Per usual, I am very late in writing my blog post for our most recent trip. Just pretend you’ve gotten into a time machine that has transported you back to the beginning of the holiday season. Can you picture it? You’re sitting on your couch in a comatose, post-Thanksgiving feast, food coma state and thinking, “oh yay! Lizzie just wrote a new blog post!” Got that image? Ok, great!
It was around August when Zach and I first mentioned Thanksgiving and began to feel a bit homesick by the fact that we wouldn’t be celebrating the holiday with our families. We started throwing around the idea that we could have a “Friendsgiving” and invite a few of our new Polish friends for an authentic, over-the-top Thanksgiving feast.
Luckily, my mom’s cousin and his wife, Bill & Tocky, who live in Austria saved us from having to cook an elaborate meal and invited us to their house in Bregenz, a small town on the coast of Lake Constance.
Photos from when I visited in April 2012
Given that I needed to reserve a good number of PTO days for Christmas, we decided to travel on Thanksgiving day and feast on Saturday. Our plans were perfectly laid out; we had reserved our seats on the plane, I had purchased our train tickets to Bregenz, and I had even picked out a café for us to hang out in between arriving in Munich’s city center and getting on our train.
I’m sure you are already anticipating the punchline, which is that Lufthansa’s pilots were having a STRIKE on all of the short-haul flights across Europe. Long story short, we rebooked our tickets to fly out the next day and changed our train reservations. I was, of course, upset, but at least we’d make it for Thanksgiving.
So we arrived at the train station in Bregenz where Bill & Tocky met us on the platform. We quickly dropped our things at the house then headed back town the hill towards town for a walk before it got dark.
Strolling down the main walkway next to the shoreline of Lake Constance, Bill pointed out the various landmarks along the lake. Bregenz is in a unique position on the corner of the lake; you can look out directly across the lake and see Germany, and if you hike up the mountain that’s south of the town, you can see both Switzerland and Germany.
Photos from the Pfänder, April 2012
Now, if you’ve never heard of Bregenz, I’ll forgive you because it is definitely not a renowned Austrian city among Americans. However, a good number of Americans that I know who have seen the James Bond movie, Quantum of Solace, and unknowingly have seen Bregenz before. If you saw the movie, just think of the scene where Bond is on a covert mission on the opera stage situated in the middle of the lake – that’s Bregenz!
That opera theater is still there, and they rotate out the performance every two years. Each summer, the opera draws huge crowds and sells out every single night. When we walked by the stage, they were constructing the stage for 2017 and 2018’s performance, Carmen.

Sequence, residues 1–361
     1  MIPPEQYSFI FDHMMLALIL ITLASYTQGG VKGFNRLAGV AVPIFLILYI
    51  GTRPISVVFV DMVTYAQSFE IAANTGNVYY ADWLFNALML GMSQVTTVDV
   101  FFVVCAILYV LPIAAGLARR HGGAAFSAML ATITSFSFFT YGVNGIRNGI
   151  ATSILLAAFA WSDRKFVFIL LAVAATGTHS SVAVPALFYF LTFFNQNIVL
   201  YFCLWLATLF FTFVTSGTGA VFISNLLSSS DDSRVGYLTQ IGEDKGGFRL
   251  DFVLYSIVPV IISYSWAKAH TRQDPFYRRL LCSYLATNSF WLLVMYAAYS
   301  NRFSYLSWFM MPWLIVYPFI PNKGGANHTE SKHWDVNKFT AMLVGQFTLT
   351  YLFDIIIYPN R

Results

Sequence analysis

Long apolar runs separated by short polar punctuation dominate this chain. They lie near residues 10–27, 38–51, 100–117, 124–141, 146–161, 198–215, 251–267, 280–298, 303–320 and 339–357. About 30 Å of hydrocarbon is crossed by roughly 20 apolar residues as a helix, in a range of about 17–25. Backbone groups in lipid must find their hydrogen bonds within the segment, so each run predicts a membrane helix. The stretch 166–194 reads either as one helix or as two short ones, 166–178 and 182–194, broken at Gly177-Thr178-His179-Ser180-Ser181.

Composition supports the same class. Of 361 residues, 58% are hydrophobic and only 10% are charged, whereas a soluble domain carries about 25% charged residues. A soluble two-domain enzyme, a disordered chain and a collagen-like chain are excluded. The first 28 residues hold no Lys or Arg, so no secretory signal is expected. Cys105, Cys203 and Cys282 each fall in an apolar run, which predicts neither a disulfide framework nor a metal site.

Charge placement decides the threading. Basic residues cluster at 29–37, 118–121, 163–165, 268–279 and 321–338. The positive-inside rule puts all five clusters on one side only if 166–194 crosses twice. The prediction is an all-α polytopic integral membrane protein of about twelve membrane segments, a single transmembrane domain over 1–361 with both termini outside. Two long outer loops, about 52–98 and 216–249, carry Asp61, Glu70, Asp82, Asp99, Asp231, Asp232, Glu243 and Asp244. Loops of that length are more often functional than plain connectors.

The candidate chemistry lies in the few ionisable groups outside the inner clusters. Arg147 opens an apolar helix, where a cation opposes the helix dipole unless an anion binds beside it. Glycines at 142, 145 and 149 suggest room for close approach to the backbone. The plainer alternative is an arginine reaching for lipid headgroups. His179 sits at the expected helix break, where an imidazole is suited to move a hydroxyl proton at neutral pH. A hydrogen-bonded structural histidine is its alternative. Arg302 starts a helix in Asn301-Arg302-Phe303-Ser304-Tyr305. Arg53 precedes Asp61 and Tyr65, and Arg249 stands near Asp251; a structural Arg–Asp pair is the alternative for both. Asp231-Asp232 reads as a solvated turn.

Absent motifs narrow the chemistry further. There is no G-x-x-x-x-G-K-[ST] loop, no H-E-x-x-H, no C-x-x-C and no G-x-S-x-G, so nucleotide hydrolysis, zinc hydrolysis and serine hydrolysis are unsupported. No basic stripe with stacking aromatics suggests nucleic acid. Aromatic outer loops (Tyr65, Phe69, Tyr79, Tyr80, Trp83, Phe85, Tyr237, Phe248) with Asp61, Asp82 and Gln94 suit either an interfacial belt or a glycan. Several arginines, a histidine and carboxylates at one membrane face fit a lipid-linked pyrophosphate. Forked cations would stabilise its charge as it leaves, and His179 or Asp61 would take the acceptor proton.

As it was getting dark, Tocky and I realized we would only have about 40 minutes to get to hers and Bill’s favorite café, Café Goetz, which makes the most incredible rum balls in addition to an innumerable variety of cakes, pies, pastries, and cookies.
The quaintest cookie display you ever did see
Leaving Zach and Bill behind to catch up with us later, Tocky and I booked it to the café to make our purchase, and then we wandered over to the small Christmas market. We had expected Zach and Bill to catch up with us, so we backtracked to the café to find them having pie and coffee in the back.
The face of guilt
I have an incredibly weak constitution when it comes to desserts, so naturally, I ordered a piece of lemon yogurt cake for myself. Never mind that we planned to have wiener schnitzel the size of a dinner plate that night. Ok, I hadn’t planned on it, but that’s what happened.
The next day, Thanksgiving day, Tocky and I leaped into action to prepare that evening’s meal. We wanted to get everything made as quickly as possible so we could have coffee in town and to see the Christmas market in the daylight. So with our two stuffings (oyster dressing and sausage stuffing), chopped veggies, and Tom the Turkey happily sitting in the oven, we made our way down the hill to the market.
Christmas markets are so quintessential to a European Christmas; food stalls sell regional cuisine (plus various warm alcohols), vendors peddle meats & cheeses, and artisans market their homemade items. Zach was quite keen to buy some “stinky meats and cheeses, ” but I was more interested in the small log people a few stalls down.
With our Christmas market curiosity satisfied and with our thirst for caffeine quenched, we returned home to baste Tom and ensure everything was ready for dinner. Everything was ready by three, so we only needed to get dressed for dinner and await our guest, Sigrid, a friend of Bill & Tocky’s.
In true Thanksgiving fashion, there was significantly more food than we could eat. With two stuffings, plenty of turkey, and three pies (with brandy butter) to get through, Zach & I ate considerably more food than we could handle. That Thanksgiving meal was like being home for the holidays and was just the ticket for when we were feeling a bit homesick for the US.
The following morning, we boarded our train for Munich and bemoaned our shortened weekend. I did not get to show Zach the small Old Town or take him for a hike up the Pfänder as I had gotten to do when I visited four years previously. But we got to spend the weekend with family, something to be genuinely thankful for.